Drizzt Do’Urden as a character is a Dark Elf raised in the Underdark where cruelty and jockeying for position were the rules of the day. This matriarchal society devoted to the Spider-Queen goddess Loth spent their days planning on how to retain these evil goddess’s favor and to overthrow houses above them in ranking. Murder and sacrifice of victims and even family were the norms in this evil society. Drizzt the secondson to Matron Malice the head of House Do’Urden plans to use her new son as either a sorcerer or warrior to build their house, though there is no motherly feelings among the Dark Elves where are persons are to be used to your advantage. His unacknowledged father Zaknafein one of the consorts of Matron Malice and the house’s weapons master begins to train Drizzt. Zak though is the rare Drow not at ease with the evil depravity of the Dark Elves, but comprimies by taking delight in the killing of other Drows and especially the matron mother of other houses, he though wishes more for Drizzt who he sees as being more innocent and naive of the ways of the Dark Elfs. Drizzt indeed like his father is not happy with the world around him which at first he was insulated from and has to come to terms of how he can live in this setting when his conscience is so aroused against it.
Many of the chapters start with reminiscences from Drizzt and the awakening of his moral sense and how he must follow his conscience. He does not see conscience in the modern sense, but as also something that must be informed so that he can act on his conscience directly. In many ways I sees these stories of almost a hagiography in that Drizzt is working towards becoming a saint. He fights against losing himself in the environment in which he leaves and is willing to die to keep from hurting the innocent or not doing all he can to protect a friend. He worries about compromising himself and taking the easy path. At one point he has a mask which can hide his drow features making it easier for him to live among people who would instantly hate him for being a Dark Elf, but determines this a falsity that he can not live with. While the author probably did not intend to write a character with so many Catholic sensibilities and moral sense, nevertheless he did so in the character of Drizzt and re-reading the series I am delighted to see that I did not just read this aspect into the series, but that it was still there to be seen and the series is just as enjoyable as I remembered. Also very enjoyable are his companions along the way made up of various races (Human, Dwarf, Hafling, Svirfneblin) who also show the various virtues and come to see beyond the outward appearance of the Dark Elf.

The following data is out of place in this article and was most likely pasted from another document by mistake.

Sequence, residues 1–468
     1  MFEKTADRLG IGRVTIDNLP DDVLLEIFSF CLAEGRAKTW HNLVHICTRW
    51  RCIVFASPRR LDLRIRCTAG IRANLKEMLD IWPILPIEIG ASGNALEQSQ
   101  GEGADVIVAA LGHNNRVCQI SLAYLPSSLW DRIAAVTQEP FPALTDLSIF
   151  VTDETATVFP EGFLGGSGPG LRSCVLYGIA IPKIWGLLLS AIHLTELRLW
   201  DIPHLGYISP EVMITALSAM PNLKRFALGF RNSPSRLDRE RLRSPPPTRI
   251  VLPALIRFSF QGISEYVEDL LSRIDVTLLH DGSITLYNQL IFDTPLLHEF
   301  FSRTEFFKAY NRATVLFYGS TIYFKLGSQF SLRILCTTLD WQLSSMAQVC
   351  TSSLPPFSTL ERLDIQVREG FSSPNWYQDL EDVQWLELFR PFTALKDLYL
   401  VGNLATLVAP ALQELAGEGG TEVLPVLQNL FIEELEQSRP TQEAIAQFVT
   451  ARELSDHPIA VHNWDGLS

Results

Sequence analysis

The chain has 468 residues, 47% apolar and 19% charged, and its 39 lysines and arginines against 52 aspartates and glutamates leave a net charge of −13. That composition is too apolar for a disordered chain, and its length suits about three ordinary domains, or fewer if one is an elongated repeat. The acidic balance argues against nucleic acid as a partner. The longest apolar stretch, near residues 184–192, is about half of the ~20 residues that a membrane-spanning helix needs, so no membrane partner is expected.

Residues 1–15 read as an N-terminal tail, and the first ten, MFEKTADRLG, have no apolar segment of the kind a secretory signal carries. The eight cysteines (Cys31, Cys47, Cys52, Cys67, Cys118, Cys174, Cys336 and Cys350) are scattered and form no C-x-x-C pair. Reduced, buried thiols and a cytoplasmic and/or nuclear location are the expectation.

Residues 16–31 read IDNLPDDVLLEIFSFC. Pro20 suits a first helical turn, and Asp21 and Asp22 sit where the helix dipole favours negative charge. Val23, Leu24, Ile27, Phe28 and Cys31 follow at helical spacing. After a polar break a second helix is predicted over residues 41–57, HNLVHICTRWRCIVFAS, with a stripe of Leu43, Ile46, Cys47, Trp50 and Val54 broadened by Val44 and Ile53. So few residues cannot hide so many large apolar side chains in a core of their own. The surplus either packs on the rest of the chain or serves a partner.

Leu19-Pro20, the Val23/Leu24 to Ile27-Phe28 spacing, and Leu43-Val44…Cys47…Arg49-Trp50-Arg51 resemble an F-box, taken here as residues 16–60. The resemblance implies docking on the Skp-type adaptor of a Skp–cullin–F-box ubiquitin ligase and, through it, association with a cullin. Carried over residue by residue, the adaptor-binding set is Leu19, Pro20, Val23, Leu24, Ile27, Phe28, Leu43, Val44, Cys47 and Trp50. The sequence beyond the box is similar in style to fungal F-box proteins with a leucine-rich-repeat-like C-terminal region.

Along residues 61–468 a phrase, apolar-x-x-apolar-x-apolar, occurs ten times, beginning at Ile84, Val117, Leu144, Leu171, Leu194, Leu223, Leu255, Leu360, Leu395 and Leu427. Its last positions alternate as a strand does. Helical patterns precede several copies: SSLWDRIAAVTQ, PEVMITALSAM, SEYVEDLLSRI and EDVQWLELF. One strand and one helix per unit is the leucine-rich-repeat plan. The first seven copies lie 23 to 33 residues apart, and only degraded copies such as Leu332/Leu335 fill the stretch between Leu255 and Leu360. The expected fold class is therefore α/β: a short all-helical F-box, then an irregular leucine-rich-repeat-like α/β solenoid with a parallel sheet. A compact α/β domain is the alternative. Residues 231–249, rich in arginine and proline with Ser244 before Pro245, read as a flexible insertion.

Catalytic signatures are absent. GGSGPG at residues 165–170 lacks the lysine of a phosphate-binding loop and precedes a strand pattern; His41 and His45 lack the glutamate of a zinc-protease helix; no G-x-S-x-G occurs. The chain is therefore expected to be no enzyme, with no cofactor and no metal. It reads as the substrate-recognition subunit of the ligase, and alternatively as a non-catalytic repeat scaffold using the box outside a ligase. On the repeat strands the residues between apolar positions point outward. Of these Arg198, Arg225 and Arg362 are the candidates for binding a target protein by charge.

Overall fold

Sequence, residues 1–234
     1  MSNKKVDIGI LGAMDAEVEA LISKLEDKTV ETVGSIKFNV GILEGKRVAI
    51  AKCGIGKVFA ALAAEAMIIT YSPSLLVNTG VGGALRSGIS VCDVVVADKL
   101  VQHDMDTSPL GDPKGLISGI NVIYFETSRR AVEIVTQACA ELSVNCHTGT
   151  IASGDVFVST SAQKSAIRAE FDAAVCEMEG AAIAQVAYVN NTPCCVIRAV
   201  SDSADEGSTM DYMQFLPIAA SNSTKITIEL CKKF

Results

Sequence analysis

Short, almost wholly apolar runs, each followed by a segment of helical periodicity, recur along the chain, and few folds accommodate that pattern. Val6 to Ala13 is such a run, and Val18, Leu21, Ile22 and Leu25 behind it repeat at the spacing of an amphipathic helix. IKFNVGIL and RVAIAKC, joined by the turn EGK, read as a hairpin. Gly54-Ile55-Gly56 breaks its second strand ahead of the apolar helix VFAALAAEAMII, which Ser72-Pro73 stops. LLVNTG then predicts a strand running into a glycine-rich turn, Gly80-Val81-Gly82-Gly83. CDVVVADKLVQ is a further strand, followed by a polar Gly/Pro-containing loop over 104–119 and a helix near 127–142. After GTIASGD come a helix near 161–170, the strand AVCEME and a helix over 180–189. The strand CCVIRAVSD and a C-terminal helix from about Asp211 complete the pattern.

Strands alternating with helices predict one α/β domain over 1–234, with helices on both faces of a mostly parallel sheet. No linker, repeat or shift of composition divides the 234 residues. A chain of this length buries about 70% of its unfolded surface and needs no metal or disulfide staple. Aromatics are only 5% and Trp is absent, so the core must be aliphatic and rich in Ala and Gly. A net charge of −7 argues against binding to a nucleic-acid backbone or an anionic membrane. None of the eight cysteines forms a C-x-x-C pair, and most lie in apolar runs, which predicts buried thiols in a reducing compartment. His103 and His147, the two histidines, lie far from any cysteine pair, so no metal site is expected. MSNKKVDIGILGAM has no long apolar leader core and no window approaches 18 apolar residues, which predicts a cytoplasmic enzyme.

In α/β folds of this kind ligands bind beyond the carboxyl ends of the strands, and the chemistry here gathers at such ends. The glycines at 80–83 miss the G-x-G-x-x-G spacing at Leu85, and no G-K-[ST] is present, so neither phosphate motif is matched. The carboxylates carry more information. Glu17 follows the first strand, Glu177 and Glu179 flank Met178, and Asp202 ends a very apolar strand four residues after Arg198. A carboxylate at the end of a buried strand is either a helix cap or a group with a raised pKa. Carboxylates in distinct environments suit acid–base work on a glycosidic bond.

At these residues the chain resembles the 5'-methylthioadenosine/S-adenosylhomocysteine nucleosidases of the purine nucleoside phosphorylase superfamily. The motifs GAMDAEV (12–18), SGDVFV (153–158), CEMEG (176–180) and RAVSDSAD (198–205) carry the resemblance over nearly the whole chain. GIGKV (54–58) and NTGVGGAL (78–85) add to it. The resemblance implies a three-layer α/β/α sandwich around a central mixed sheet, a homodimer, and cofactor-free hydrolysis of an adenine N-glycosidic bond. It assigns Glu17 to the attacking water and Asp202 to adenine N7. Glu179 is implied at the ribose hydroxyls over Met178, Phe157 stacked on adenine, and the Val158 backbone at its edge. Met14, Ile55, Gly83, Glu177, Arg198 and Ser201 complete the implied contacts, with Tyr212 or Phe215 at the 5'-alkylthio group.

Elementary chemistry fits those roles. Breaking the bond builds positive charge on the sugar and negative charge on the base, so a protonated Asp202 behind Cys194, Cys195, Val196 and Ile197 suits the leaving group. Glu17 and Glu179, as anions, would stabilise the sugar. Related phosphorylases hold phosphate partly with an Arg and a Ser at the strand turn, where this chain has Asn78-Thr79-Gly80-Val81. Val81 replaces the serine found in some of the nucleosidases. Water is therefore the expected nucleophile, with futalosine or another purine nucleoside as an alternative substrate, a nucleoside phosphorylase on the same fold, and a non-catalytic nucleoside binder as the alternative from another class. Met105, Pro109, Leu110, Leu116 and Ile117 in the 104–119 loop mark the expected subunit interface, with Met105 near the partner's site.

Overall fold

So while there are many factors in conversion and God uses many different things for each individual I was glad that the series involving Drizzt Do’Urden was one of them and while the Lord of the Rings has become my favorite involving this genre, R.A. Salvatore and the multiple books involving Drizzt Do’Urden and his other books will always hold a special place for me and to bring back memories to me when I return to them.
* You can read Mike Flynn post on the panel he hosted here. Mike Flynn is another of my favorite writers in my first love of SF and I can recommend his whole catalog.
* My favorite SF series is Dune and I have read this series multiple times and I find it interesting now that while Frank Herbert was no theist his worlds did not eliminate religion like so much of SF. He at least acknowledges the very human capacity of religious beliefs which make his gigantic story arc fuller. I have also read all the Dune books written by his son and another author which followed his Frank Herbert’s notes and story arc and I really enjoyed these, but they are not quite as good as his father’s work